Returning to work after an illness or injury is a big adjustment for anyone. You may at times be feeling relieved or even excited that you are getting back into your routine, however it is normal for people to feel anxious or stressed.
We spoke to Martine Barclay, a psychologist specialising in workplace stress, who told us that the key principles for returning to work after an illness or injury are “connection, ground rules around what’s successful, and looking after yourself in the process.”
She stressed that no matter where you are in your recovery, it’s normal to feel some anxiety. Here are some tips to help you manage the transition.
- Talk to your employer
Staying in touch with your employer throughout your recovery can help to make your return to work feel less sudden or unknown. You can discuss exactly what you’re able to do and what is expected of you and create a return to work plan that works for everyone involved.
- Go at your own pace
Everyone’s recovery is different, so look out for signs that you’re moving too slowly or quickly. For example, if you’re up at night and struggling to sleep, it could mean you need more intellectual stimulation during the day. On the other hand, if you’re procrastinating or feeling overwhelmed, you probably need to take it more slowly.
- Make any changes you need
Some people will find that it’s best for them to come back to the same job in the same team, but others will need to make changes. If your illness or injury requires changes to your work environment, you should request these. This includes flexibility in your working hours, equipment you might need to do your job, or additional breaks if you need them.
- Stay positive
It’s perfectly acceptable not to feel completely settled and comfortable the moment you return to work. But while you adjust, it’s helpful to set the right mindset. This can involve a technique called positive self-talk, using phrases like “I’m doing ok”, “this will get easier” and “it’s normal to feel like this.” If you need to calm yourself down, try to move your breathing down to your stomach, rather than being in your chest.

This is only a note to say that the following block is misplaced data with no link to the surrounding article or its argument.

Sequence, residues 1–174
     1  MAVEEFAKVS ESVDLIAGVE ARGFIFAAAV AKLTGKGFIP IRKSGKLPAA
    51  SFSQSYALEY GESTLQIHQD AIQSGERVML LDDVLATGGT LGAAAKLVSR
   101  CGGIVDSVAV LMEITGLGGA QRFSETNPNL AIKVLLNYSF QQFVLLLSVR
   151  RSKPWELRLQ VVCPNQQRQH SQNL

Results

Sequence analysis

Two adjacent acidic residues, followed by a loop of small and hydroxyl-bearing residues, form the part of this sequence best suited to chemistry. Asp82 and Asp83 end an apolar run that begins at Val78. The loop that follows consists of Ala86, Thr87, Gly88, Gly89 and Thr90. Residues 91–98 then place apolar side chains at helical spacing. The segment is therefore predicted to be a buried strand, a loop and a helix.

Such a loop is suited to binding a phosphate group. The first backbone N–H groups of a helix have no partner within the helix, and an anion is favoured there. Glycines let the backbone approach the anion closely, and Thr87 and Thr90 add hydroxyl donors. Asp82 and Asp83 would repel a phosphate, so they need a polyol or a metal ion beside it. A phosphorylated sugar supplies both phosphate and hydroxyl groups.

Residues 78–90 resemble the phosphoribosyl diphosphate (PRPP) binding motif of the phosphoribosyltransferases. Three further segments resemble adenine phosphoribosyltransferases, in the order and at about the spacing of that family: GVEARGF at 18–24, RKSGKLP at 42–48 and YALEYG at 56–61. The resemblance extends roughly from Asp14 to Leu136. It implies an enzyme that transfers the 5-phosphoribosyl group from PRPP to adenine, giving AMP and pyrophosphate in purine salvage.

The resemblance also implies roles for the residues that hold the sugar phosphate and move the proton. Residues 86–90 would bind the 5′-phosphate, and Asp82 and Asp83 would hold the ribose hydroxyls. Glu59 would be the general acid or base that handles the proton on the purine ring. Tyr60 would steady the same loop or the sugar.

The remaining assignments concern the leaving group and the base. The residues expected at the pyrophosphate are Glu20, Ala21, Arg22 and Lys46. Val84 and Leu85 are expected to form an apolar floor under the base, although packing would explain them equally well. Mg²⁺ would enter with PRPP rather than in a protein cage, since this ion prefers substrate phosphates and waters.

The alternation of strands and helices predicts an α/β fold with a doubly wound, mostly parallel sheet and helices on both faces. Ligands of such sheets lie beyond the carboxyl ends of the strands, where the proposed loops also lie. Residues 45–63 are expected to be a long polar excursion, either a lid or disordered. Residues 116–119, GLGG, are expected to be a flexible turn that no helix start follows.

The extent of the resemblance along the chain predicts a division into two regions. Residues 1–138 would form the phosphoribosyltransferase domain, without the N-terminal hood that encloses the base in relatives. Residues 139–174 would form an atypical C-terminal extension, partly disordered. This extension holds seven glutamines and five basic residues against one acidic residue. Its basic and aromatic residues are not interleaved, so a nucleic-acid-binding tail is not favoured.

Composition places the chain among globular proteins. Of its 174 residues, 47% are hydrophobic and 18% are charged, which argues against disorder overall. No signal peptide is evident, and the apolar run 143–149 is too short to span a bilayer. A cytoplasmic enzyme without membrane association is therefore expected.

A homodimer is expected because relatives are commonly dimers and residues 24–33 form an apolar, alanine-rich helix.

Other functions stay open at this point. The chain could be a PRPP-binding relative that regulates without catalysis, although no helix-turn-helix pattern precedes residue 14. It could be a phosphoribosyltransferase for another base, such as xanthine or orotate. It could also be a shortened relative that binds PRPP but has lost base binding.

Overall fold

- Find a buddy
It can be a big help to have someone in your workplace to check in on you regularly in case you have any issues with the transition. This can give you the opportunity to talk about things without feeling like a burden.
- Ask for help if you need it
If you’re struggling with anything, it’s important to speak up so that your employer is aware. Remember that they have an obligation to find alternative duties for you if you can't currently complete your usual responsibilities.
- Continue to review
Your return to work plan might happen in several stages and might go more quickly or slowly than you thought. It’s helpful to have regular reviews, for example at the end of your first week, and monthly for your first six months.
How can TAL support your return to work
We want to help you keep living the life that you planned. If you are a TAL customer who has an approved income protection claim, you have access to TAL’s career coaching services. Every claim for Income Protection is different; therefore as part of this program, we take the time to understand what you need to be able to create a tailored approach for your situation to help you on your road to recovery, such as job search support.
Find out more about how career coaching may be able to help you get back on track, if you’re eligible and what the service includes.
CAREER COACHING IS AVAILABLE TO TAL CUSTOMERS WHO HAVE INCOME PROTECTION COVER WITH TAL, WHO HAVE SUBMITTED AN INCOME PROTECTION CLAIM WITH TAL, AND WHOSE CLAIM HAS BEEN APPROVED.
THE HEALTH AND MEDICAL INFORMATION IS GENERAL INFORMATION ONLY AND IS NOT A SUBSTITUTE FOR ADVICE FROM A QUALIFIED MEDICAL OR OTHER HEALTH PROFESSIONAL. ALWAYS CONSULT YOUR GENERAL PRACTITIONER OR A MEDICAL SPECIALIST.